The Role of the Arts in Northern Ireland in Peace & Reconciliation
Extracts from Burning Issues, a short, 28 page graphic story on the issue of contentious bonfires. The project was lead by Eamon Baker and Towards Healing and Understanding, a peace and reconciliation project in Derry/Londonderry, N.Ireland. The graphic novel was later given free to many schools throughout N. Ireland. The project also involved local artist, Joe Campbell. The script was developed by young people from both sides of the cultural divide and features some of those who took part, and who posed and modelled for the story.
There’s little doubt that the whole business of addressing legacy issues here in Northern Ireland has been problematic. In my opinion, the problem may be that any ‘legacy’ initiatives seem not suit politics, politicians, the military mindset and the hierarchies of civil servants into whose hands, so much is placed here. Segregation breeds not just, paranoid reactions but also, inaction. It’s about holding cultural ground. It’s about entrenchment, and like all trench warfare can only be breached by fresh thinking and innovation. Like the cold war situation, walls only tumble when intransigent ideologies crumble without either side feeling that a change in their position is viewed, not as progress, but defeat.
I know I can’t speak for every artist, musician, actor, dancer, poet, writer (and all those in between) But, personally, most artistic projects require fresh thinking and innovation. It’s the nature of the beast. Most good arts practitioners approach problems in a different way. First, there is no insistence on doing everything along traditional lines. Secondly, there is no problem adapting to new circumstances and changing plans accordingly and third, we have the arts and artistic practice as common ground and it’s a global community. It’s a different mindset, more suited to solutions as opposed to retention of doctrine. That is why, again in my opinion, the arts and ‘creatives’ are more suited to the business of solutions to difficult problems such as post-conflict legacies. And, finally the arts has people and humanity at its core.
For myself whenever I am presented with a difficult artistic project I have learned (through 40 years of artistic practice) to apply certain methods and ways of thinking.
My first thing is to stand back and seek an overview of the entire problem. What does that entail? Well, first steps – overview the problem to better understand what needs to be done and what does not need doing. So, step one is
Put a fence around what needs to be done. Everything outside of that fence is irrelevant, needless and a waste of time and money.
- Work and think ‘broad to narrow’ This is something I learned from complicated painting. The more difficult a thing is to do – the more method is required. After, analysis, work on the broad areas with big brushes. Block in rather than getting caught up in detail. As you progress, you can concentrate on smaller and smaller areas until, at the final moment you are adding in the little dots on the eye with a tiny brush.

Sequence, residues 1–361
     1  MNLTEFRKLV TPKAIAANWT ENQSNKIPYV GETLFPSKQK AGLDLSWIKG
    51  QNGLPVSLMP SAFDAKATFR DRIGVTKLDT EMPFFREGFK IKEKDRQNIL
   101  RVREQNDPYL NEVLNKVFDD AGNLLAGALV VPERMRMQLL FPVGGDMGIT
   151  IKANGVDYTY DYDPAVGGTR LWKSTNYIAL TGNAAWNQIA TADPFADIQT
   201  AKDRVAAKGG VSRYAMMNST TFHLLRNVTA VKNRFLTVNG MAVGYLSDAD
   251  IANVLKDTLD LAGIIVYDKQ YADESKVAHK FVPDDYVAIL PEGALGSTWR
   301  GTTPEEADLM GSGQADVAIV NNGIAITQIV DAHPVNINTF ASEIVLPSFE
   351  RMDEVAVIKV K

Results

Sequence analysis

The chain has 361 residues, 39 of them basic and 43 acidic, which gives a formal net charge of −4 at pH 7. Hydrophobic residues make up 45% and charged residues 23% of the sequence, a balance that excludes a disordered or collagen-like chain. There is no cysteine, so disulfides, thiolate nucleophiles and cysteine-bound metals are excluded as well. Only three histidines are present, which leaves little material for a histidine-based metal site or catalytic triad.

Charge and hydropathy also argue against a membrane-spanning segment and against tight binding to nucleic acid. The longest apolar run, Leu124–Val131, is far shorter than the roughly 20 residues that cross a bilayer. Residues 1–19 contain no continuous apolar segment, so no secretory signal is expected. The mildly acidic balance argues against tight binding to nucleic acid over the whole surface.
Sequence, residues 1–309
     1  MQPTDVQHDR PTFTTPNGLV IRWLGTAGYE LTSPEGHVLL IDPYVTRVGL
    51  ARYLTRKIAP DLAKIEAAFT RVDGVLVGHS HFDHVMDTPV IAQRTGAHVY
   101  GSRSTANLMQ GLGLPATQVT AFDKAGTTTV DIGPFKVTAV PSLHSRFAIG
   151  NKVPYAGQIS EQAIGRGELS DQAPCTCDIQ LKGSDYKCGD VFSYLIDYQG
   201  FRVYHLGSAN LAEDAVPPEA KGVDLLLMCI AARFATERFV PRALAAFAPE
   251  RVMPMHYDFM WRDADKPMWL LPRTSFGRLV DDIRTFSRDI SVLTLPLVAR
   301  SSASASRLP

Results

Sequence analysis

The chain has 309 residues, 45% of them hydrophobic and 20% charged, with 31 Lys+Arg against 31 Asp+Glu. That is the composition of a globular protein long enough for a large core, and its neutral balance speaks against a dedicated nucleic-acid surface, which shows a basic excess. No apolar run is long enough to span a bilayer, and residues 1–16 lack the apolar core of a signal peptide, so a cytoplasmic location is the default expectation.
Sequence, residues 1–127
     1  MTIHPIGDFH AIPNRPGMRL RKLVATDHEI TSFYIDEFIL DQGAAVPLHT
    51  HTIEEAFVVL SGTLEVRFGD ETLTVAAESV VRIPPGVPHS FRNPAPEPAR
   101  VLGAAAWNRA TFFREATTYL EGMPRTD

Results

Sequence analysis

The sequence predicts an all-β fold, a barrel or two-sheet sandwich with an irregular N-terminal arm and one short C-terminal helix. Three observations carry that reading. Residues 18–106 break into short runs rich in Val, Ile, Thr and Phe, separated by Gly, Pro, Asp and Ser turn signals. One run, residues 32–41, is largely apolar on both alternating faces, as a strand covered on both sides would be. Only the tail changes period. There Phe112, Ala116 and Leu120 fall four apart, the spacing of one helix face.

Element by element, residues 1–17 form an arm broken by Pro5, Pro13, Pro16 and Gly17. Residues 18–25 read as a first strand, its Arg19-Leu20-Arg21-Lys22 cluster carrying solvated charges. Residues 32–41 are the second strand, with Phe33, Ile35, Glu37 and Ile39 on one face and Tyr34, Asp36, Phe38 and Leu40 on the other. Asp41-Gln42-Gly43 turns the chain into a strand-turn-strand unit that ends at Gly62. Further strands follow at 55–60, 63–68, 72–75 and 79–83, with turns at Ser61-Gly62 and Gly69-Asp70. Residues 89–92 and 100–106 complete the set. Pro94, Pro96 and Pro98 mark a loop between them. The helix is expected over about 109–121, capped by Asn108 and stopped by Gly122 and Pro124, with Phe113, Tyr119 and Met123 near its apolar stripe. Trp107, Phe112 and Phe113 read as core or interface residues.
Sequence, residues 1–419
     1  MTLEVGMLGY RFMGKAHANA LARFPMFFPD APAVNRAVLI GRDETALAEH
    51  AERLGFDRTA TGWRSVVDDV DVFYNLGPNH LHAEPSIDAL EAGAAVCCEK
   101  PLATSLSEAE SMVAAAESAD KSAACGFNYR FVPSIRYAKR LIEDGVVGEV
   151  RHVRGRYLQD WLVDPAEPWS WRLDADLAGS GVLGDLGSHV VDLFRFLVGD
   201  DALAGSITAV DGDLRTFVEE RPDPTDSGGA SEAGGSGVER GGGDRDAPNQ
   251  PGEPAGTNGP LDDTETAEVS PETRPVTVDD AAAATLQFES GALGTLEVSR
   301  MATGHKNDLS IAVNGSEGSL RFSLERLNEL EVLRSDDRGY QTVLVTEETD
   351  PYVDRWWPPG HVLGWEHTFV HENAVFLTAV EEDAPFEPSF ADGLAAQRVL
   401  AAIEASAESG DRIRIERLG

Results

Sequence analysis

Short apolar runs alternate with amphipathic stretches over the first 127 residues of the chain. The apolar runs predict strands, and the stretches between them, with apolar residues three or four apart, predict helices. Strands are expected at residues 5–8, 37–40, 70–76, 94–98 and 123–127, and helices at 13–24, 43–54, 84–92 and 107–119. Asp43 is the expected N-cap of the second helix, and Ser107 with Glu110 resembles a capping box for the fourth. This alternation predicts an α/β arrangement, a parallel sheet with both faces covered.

- People are human with human emotions. One of the reasons why some are attracted to artistic pursuits is it helps them connect with those other internal aspects of their lives that contemporary life seems to miss: Mindfulness; good health (both physical and mental); switching off from too much input and information; a reclaimation on the person within; expression of self, character; pride in making and achievement; socialising with other like-minded people; feeling part of something wider – a treatment for isolation.
- Avoid labels. Avoid lumping people in together with labels on them. For instance: ‘victims’ ‘Catholics’ ‘Protestants’ left-wingers’ right-wingers, ‘British’ ‘Irish’ ‘Loyalists’ ‘Republicans’ etc. Whereas some may identify strongly with one or two of these and are quite entitled to, for me, personally I can’t identify so fundamentally (or impose those labels upon someone else). We are many faceted diamonds. Much to the disappointment of some there is no such thing as ‘Catholic art’ or Protestant art’.
5. Find Common Ground: we are all, sons, daughters, mothers, fathers, grandparents etc. We all have likes, hobbies, pursuits outside of politics and religion. Some love exercise, running, swimming, music and some like drawing, painting, creative expression of one type or another. These things are not tribal. No-one (in their right mind) will tell how to run like a Loyalist or swim like a Republican. In my experience most people are good. They love their children and want them to have opportunities, good educations and happiness. I certainly would not describe myself as ‘Catholic’ and leave it at that. I’m a painter, digital artist, poet, writer, musician, Sci-Fi fan, fantasy art fan, I love electric guitars and I also game on a Playstation (at 61!)
6. It’s Nothing to do with Ownership, segregation or control. Labels and viewing people as big groups of like-minded people make them easier to control. Control over others is seldom for their own good but more for the good of those who seek control over others. Nor, will it work financially, If we have to keep on building two of everything. Just like the entire world now has a mobile phone and (thanks to good old American marketing) Netflix, it is actually possible to interest people in other things. John Lennon was right when he said that the Beatles were “Bigger than Jesus” and today, Kim Kardashian is bigger than us all.